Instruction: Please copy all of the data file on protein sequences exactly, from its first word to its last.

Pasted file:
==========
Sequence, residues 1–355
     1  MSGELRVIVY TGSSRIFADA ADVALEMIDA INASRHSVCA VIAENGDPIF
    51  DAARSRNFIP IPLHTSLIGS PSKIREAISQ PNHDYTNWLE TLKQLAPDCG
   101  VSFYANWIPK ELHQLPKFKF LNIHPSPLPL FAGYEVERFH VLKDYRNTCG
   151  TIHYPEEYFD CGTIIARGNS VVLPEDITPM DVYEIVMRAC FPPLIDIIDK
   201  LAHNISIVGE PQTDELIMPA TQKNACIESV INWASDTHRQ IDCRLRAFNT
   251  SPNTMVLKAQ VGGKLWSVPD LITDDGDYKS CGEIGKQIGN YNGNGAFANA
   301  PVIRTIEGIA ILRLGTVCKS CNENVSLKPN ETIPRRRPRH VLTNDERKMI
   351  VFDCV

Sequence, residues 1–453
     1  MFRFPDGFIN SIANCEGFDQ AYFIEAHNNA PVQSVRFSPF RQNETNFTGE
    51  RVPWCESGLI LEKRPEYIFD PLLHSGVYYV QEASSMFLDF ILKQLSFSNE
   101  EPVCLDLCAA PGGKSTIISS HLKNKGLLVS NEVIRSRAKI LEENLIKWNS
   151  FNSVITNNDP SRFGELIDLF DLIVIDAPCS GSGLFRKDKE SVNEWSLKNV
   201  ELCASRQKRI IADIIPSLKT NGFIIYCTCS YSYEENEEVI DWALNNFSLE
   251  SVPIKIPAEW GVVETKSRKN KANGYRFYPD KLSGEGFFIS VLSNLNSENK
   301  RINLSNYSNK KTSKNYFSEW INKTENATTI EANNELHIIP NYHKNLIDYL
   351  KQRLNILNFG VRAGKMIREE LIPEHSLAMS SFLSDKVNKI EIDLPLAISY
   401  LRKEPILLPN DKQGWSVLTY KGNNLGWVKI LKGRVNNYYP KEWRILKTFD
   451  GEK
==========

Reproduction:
Sequence, residues 1–355
     1  MSGELRVIVY TGSSRIFADA ADVALEMIDA INASRHSVCA VIAENGDPIF
    51  DAARSRNFIP IPLHTSLIGS PSKIREAISQ PNHDYTNWLE TLKQLAPDCG
   101  VSFYANWIPK ELHQLPKFKF LNIHPSPLPL FAGYEVERFH VLKDYRNTCG
   151  TIHYPEEYFD CGTIIARGNS VVLPEDITPM DVYEIVMRAC FPPLIDIIDK
   201  LAHNISIVGE PQTDELIMPA TQKNACIESV INWASDTHRQ IDCRLRAFNT
   251  SPNTMVLKAQ VGGKLWSVPD LITDDGDYKS CGEIGKQIGN YNGNGAFANA
   301  PVIRTIEGIA ILRLGTVCKS CNENVSLKPN ETIPRRRPRH VLTNDERKMI
   351  VFDCV

Sequence, residues 1–453
     1  MFRFPDGFIN SIANCEGFDQ AYFIEAHNNA PVQSVRFSPF RQNETNFTGE
    51  RVPWCESGLI LEKRPEYIFD PLLHSGVYYV QEASSMFLDF ILKQLSFSNE
   101  EPVCLDLCAA PGGKSTIISS HLKNKGLLVS NEVIRSRAKI LEENLIKWNS
   151  FNSVITNNDP SRFGELIDLF DLIVIDAPCS GSGLFRKDKE SVNEWSLKNV
   201  ELCASRQKRI IADIIPSLKT NGFIIYCTCS YSYEENEEVI DWALNNFSLE
   251  SVPIKIPAEW GVVETKSRKN KANGYRFYPD KLSGEGFFIS VLSNLNSENK
   301  RINLSNYSNK KTSKNYFSEW INKTENATTI EANNELHIIP NYHKNLIDYL
   351  KQRLNILNFG VRAGKMIREE LIPEHSLAMS SFLSDKVNKI EIDLPLAISY
   401  LRKEPILLPN DKQGWSVLTY KGNNLGWVKI LKGRVNNYYP KEWRILKTFD
   451  GEK